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Easter Seals and the CENTURY 21 System's Easy Access Housing for Easier Living Program

Accessible Home Virtual Tour

Accessible homes aren’t much different from the average homes lining a typical, American neighborhood street. In fact, many accessible homeowners find that certain defining features have a positive impact on their home’s overall value and resale price. 

Woman in a scooter entering an accessible homeThere are a number of great ideas and cost effective options for building an accessible home or adapting an existing home -- all the while maintaining (and often enhancing) a home’s unique style, design, character and functionality. Today’s accessible homes incorporate gradually elevated front pathways, secret elevators disguised as regular closets, open floor plans and common areas, modern bathrooms with easy-to-access showers and baths, efficient kitchens and home offices.

We invite you to view a photo album highlighting key accessible/adaptable features of such a home in Raleigh, N.C. It’s a beautiful, new and fully-accessible home that combines creative design elements with simple, personalized adaptations that make a real difference for one family living with disabilities.

Step inside -- you’ll be amazed, and likely, a little inspired!

Central Living Room

As you view the virtual tour, take note of the many features making this home accessible to people with disabilities -- and retaining its design and beauty!

  • Open areas, wide doorways and pathways easily accommodate a wheelchair
  • Lever-style handles on all doors allow for easy manipulation
  • Flat, even floor surfaces throughout, often hardwood or tile, including all entrances to the home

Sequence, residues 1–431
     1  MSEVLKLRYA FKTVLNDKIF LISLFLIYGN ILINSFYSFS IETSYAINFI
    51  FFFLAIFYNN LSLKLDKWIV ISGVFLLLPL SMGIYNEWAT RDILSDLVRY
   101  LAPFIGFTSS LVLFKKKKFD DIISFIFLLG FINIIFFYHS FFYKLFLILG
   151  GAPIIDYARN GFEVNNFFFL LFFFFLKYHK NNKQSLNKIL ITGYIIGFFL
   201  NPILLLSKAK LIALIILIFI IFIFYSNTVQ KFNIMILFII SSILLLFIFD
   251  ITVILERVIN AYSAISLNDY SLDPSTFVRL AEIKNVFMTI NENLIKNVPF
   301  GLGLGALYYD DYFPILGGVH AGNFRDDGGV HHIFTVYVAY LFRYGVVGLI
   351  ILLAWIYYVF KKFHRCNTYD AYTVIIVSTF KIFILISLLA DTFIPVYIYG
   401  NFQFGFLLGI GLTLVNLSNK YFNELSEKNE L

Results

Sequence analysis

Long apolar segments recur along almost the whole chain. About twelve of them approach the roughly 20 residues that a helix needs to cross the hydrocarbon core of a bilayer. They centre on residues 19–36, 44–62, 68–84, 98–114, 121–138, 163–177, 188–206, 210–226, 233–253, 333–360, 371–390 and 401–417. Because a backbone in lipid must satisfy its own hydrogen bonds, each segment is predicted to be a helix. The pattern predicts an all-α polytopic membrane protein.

• Light switches are lowered for wheelchair position height and positioned on the first wall of each room
  • Height of cabinets, countertops and shelving are lowered throughout and accommodate legroom when necessary
  • Appliances are positioned for easy access
  • Elevator disguised as a closet provides wheelchair access to the second floor, utilizing vertical space when expansion horizontally onto another lot is not an option

Front Exterior

  • Front driveway gradually inclines for wheelchair access to/from the street and sidewalk
  • Sidewalk and gradually inclined pathway winds to the front door for wheelchair access
  • Front entrance features a flat, even surface that slopes into the home with no steps to hinder mobility in a wheelchair
  • French style doors open into the home and provide a wide entrance for wheelchairs
  • Lever-style handles on the door allow for easy manipulation

Rear Exterior

  • Backyard space spotted with multi-level surfaces connected by gradually inclining pathways for unlimited wheelchair access
  • Landscaping includes pathways and ramps at all points, making use of the natural hill for access and beauty
  • Many flat gravel pathways and closely trimmed grass provide full access to the driveway, yard, home and children's playhouse
  • Patio provides flat, even surface and access to the grass or home
  • Gardening/landscaping is easily accessible at all points -- even the garden hose